The solution is to make sure that each personal has their own account to avoid any mix-ups of information and access. For iCloud, Apple has guidance’s you can read here: Family Sharing and Apple ID for your child – Apple Support. If kids need to use a computer for school that is also needed for work, there are also ways to create two windows accounts on one device to provide clear separation. Always pause and think before logging into one of your accounts on a device that is not primarily used by you.

6.2 Don’t forget to log out or lock your computer

Even in trusted environments such as the home, if a laptop or device is used by multiple people it’s important to think about when you should log out, and which service to log out of. For high risk services such as online banking, logging out as soon as you are done is best practice. Alternatively, for convenience, you may just want to set a good Windows account password and get into a habit of locking your computer or logging out when you are done.

This protects you from both accidental issues (such as someone using your computer and assuming they are logged on as themselves – it does happen) and malicious actions (such as someone attempting to perform undesirable or illegal actions under your name/account). Most importantly, knowing you are logged out or your computer is locked will give you piece of mind that only you have access to your data and the services you have logged onto within windows.

6.3 Decommissioning old devices

Whenever giving away or selling a device, it’s very important to make sure you have logged out of all accounts, and you have reset the device back to factory default. This stops the next owner from potentially getting access to any services you were logged into. Often people will try to simply delete all their data, and then log out of everything but this is time consuming and it’s still easy to miss certain accounts. When devices are factory reset they will also sometimes offer to ‘wipe’ the data. This involves overwriting any remaining data on the risk to make it extremely hard to recover it. Without this someone could potentially find files you deleted.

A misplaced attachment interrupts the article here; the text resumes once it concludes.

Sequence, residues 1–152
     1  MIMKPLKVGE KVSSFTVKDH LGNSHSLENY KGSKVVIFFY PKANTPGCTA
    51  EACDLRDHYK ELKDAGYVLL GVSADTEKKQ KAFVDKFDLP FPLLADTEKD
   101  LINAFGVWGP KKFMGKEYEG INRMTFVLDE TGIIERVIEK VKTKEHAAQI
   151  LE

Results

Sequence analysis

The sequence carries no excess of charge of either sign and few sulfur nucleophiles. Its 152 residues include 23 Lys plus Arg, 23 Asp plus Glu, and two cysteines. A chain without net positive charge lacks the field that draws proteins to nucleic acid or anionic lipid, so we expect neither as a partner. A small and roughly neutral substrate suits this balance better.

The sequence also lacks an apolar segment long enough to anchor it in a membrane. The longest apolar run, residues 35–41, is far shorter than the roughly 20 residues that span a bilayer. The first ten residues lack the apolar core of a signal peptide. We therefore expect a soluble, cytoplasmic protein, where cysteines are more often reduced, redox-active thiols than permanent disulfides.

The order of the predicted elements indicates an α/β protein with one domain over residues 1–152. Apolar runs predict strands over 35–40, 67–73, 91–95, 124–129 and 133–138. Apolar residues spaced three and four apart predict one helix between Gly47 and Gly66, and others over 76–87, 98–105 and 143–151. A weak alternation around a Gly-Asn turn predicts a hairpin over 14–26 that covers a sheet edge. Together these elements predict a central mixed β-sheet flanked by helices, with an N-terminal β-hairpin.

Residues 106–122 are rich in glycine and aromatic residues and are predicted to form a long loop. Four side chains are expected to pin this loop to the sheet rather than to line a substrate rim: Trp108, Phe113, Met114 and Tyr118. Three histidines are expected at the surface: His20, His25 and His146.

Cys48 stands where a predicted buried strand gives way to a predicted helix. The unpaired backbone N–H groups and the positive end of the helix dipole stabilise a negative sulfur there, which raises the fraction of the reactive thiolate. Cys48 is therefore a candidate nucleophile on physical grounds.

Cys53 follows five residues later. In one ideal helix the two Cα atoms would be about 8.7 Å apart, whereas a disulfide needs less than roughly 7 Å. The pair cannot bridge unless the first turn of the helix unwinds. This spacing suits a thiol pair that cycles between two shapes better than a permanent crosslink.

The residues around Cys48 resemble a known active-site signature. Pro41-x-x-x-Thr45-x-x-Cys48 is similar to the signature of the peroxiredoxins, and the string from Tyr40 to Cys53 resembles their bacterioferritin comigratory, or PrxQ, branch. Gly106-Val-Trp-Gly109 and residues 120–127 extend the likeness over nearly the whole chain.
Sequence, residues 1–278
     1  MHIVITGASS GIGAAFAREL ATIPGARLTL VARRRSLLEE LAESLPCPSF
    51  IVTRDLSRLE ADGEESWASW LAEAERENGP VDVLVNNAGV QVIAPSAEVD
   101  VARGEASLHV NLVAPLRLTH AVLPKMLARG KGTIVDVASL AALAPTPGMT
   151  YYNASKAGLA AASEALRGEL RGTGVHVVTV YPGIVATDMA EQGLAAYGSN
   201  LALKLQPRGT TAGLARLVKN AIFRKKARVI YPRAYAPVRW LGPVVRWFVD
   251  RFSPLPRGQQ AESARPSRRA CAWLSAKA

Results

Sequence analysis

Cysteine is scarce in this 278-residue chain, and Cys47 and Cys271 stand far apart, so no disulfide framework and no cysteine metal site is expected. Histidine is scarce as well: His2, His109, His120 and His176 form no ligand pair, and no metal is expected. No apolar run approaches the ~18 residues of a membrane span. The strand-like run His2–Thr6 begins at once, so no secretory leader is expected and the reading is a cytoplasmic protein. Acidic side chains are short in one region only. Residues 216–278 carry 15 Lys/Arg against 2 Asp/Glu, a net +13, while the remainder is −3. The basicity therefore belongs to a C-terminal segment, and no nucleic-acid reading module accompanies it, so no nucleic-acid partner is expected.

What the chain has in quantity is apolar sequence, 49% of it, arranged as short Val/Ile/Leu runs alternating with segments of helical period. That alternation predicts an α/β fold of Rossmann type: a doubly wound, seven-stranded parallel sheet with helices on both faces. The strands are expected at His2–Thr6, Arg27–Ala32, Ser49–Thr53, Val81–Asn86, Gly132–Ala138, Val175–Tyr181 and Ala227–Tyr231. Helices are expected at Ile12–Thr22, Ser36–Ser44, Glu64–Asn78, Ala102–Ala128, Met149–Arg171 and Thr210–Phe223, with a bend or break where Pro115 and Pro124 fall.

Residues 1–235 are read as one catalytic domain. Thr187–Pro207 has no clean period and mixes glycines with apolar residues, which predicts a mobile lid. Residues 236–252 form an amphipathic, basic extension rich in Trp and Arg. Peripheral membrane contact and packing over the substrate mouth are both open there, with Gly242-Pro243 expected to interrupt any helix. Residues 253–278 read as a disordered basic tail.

Congrats on reading through the above information and taking a step towards a more secure online experience.
If you’re looking for further reading on cyber security and how to keep yourself (or your business) secure check out the following resources provided by the Australian Cyber Security Center:

Individuals and Families
Small and Medium Businesses
Family Sharing and Apple ID for your child – Apple Support

We hope you found this helpful, and if you didn’t or have feedback please reach out to us to let us know how we could improve.